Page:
I’m ankle deep into “Fire and Fury,” Michael Wolff’s loquacious and scuttlebut filled book on the early days of President Herr Trump’s reign.
It reads like “The Final Days” would have if Woodward and Bernstein had done acid nightly and not had Ben Bradlee looking over their shoulder demanding accuracy and stronger ethics.
It’s also riddled with typos, missing words, extra words and stuff like that. But that truly isn’t the biggest problem.
The biggest problem is the author himself. He doesn’t know what he wants to be. He writes authoritatively. In ways Woodward never has. But he doesn’t show his work. One of Woodward’s problems comes from his biggest strength: research. His stuff can get dry because he oversources and overcites things. He’ll repeat something two chapters later coming from a second source.
I’m comparing him to Woodward because, well, I’ve literally read damn near everything he’s written. I’ve read every Watergate story, all of his books (save one), and some of his other stuff. And Woodward is the gold standard with this stuff.
Wolff also doubles down on something that always makes me nervous about Woodward. The legendary newsman recreates a lot of scenes as if he were there. He often tells the reader that he does this only when he can verify everything he’s describing. So if Woodward writes about an event you and I attended, he’ll get information from you, then confirm everything with me, making sure everything is the same. Then he’ll talk to others who could verify the story. So when he’s writing about a meeting between two people, he’ll have a small detail in there about a stain on someone’s shirt during that moment between sources. Or that they fiddled with their tie. The benefit is that it makes the reader feel like they’re in the room. But Woodward surrounds these scenes with interviews, citations from documents and such. Wolff is basically scene to scene to scene.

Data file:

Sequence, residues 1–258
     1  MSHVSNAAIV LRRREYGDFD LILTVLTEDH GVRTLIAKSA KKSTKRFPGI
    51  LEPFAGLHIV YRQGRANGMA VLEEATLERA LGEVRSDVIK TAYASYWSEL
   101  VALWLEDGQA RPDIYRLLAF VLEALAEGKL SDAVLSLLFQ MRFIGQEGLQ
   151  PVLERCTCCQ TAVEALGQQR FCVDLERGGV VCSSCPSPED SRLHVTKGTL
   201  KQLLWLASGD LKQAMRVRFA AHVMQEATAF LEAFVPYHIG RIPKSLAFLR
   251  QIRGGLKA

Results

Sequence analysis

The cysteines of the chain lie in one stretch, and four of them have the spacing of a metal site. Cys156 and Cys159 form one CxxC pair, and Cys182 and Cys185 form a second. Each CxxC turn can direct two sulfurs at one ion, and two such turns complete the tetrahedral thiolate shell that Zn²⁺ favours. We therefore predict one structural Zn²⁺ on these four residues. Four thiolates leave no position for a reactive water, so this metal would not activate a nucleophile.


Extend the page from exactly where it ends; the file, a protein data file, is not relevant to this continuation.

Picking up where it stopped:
However, in Wolff’s defense, he was given access as things happened. Woodward is recreating events he didn’t witness. But Woodward lets the reader know when he’s describing something he didn’t see himself. There seem to be times when Wolff isn’t telling the reader that.
And that makes me lose faith him him.
Does this mean his book is full of lies or fake news?
Absolutely not. Too much of it had already been corroborated. I’m sure some of this is Wolff taking liberties where better journalists wouldn’t. But it’s not about him making stuff up. It’s about him letting sources tell him things, him not verifying if enough, and still putting it in the book.
He warns readers of this in the authors note.
Woodward, Wolff clearly is not. But I have to wonder how great this book would be had Wolff had a Ben Bradlee at his side.